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Bo Chen, Ming Jiang, Mason McGill, Qi Zhao, Pietro Perona; Change detection and visual classification: two sides of the same coin. Journal of Vision 2016;16(12):593. doi: https://doi.org/10.1167/16.12.593.
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© ARVO (1962-2015); The Authors (2016-present)
Change is certain, but the what, the where and the when are unpredictable. E.g. approaching animals need to be detected promptly, and also classified as friend or foe. What is the best way to carry out detection and discrimination jointly? How do humans do it? We compared subjects' performance in three tasks: (1) detection with unpredictable stimulus onset time, (2) discrimination with known stimulus onset time, and (3) dual task: discrimination with unpredictable stimulus onset time. Four subjects participated in a novel random-dot motion discrimination task, where a trial begins with incoherent random-dot motion and coherent motion appears after a random delay. For different tasks, observers were required to detect the onset of the signal and/or discriminate the motion direction. In our stimuli motion directions are not necessarily opposite, so we could vary independently the difficulty of discrimination and detection by controlling the motion strength (% coherence) and the motion directions. Our data show that discrimination is more difficult when signal onset is uncertain, suggesting that the additional detection task imposes an extra cost on the system. We developed three models of joint detection and discrimination: an optimal model (CD: classify-then-detect), and two simplified versions of the optimal model (DCP: detection-classification-in-parallel, and DCS: detection-classification-in-series). We compare the predictions of the three models to human data, and find that CD does not fit the data well, as it has no flexibility to switch off the discrimination component, and will overestimate the difficulty of the detection-only task. In addition, DCS produces the most consistent parameter estimates among different tasks. DCS is sub-optimal because it discards signal for discrimination until detection. Thus our findings indicate that the visual system may not be optimal from a purely information-processing point of view.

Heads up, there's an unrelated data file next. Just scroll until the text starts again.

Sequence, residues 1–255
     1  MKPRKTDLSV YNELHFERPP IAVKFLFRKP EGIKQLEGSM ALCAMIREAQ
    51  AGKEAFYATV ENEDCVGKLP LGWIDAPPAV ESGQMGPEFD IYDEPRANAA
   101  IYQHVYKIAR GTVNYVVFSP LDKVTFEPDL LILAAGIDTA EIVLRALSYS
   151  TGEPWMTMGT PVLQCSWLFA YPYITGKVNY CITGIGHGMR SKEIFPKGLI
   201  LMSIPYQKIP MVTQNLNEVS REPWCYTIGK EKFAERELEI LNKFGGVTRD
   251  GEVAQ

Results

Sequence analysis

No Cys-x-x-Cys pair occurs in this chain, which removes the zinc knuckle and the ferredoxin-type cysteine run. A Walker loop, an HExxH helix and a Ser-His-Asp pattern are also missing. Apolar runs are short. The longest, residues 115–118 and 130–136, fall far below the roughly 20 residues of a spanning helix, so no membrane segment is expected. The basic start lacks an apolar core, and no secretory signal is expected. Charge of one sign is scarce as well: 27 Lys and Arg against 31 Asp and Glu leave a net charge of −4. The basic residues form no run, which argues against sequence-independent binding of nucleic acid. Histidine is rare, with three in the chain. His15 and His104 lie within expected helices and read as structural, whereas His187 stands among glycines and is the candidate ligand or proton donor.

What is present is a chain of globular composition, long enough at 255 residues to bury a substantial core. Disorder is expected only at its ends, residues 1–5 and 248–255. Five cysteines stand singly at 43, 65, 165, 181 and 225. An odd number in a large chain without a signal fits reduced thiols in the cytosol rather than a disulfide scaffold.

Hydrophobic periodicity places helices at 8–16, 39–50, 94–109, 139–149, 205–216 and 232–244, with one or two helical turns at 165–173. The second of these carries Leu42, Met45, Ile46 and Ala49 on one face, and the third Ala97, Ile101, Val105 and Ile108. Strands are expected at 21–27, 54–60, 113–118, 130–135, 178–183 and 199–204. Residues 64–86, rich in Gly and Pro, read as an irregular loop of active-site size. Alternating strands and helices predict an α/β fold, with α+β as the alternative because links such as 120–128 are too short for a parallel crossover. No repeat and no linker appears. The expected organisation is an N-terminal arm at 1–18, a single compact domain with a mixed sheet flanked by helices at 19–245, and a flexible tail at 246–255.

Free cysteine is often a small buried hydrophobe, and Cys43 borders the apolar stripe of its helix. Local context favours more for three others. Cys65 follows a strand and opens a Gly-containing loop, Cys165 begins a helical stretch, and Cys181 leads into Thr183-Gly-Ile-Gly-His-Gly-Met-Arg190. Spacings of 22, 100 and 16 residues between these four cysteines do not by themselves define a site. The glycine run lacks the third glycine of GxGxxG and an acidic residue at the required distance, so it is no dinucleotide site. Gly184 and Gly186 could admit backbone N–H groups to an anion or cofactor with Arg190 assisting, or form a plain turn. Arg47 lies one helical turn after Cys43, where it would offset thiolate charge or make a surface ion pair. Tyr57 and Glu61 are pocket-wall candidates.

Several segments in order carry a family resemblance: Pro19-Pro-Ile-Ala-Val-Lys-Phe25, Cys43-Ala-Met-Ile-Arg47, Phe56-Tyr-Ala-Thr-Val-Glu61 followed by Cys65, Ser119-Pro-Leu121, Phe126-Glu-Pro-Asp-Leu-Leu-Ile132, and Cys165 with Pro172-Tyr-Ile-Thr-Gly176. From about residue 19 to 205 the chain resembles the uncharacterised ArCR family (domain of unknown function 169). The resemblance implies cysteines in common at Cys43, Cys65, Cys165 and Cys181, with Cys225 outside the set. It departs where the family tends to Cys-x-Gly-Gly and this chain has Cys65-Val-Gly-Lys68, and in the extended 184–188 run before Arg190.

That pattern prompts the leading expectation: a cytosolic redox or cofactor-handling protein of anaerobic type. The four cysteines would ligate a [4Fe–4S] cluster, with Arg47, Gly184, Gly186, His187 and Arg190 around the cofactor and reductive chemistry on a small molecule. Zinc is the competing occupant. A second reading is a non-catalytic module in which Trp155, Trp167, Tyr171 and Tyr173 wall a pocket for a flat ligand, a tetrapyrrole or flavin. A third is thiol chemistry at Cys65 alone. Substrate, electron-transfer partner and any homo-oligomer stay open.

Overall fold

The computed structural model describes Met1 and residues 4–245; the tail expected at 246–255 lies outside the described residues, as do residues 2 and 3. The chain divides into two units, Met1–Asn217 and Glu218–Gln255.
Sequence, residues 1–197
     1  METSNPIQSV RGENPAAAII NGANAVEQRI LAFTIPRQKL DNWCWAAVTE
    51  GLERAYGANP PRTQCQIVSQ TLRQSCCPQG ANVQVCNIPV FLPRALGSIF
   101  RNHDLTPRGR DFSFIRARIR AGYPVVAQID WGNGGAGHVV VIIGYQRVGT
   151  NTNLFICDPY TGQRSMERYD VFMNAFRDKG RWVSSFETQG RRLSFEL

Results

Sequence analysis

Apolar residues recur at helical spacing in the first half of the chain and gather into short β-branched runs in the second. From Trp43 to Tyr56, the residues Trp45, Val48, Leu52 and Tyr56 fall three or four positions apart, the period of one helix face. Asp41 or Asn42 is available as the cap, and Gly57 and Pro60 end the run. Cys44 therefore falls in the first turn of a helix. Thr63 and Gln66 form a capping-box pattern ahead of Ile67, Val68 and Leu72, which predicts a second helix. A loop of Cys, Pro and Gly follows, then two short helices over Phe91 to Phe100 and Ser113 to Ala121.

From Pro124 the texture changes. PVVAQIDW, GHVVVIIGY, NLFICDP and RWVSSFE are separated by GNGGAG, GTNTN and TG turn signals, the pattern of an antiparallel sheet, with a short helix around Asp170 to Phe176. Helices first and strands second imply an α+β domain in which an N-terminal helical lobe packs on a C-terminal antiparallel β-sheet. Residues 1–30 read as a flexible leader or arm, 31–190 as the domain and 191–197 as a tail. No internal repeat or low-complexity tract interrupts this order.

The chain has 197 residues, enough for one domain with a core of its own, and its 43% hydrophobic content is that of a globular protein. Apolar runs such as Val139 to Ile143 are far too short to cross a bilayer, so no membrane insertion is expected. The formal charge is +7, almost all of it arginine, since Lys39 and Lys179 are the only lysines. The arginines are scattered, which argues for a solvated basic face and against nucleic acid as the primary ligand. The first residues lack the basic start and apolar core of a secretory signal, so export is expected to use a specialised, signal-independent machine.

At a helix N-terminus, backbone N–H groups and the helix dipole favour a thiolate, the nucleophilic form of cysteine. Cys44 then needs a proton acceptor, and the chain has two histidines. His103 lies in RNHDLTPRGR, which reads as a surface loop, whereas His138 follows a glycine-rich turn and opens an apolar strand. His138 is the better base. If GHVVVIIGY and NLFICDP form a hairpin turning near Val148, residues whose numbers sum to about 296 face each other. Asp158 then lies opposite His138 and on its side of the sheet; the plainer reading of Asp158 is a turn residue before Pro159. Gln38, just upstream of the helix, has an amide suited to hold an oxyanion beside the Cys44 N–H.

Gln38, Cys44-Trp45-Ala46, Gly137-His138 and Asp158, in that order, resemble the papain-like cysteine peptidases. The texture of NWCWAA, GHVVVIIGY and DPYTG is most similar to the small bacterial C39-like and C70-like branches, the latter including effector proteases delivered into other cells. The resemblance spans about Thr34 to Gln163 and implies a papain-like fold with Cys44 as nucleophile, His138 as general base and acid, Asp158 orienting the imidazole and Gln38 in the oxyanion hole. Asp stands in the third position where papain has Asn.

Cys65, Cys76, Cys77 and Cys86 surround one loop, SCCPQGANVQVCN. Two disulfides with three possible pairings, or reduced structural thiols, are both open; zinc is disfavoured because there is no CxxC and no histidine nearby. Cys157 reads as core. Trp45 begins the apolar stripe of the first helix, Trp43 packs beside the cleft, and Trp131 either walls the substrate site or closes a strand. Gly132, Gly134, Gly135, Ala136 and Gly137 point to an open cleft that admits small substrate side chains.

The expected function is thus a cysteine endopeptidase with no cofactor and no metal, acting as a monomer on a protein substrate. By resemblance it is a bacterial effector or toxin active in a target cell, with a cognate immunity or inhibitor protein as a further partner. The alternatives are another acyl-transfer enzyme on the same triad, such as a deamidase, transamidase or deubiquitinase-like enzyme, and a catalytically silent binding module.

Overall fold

Meeting abstract presented at VSS 2016
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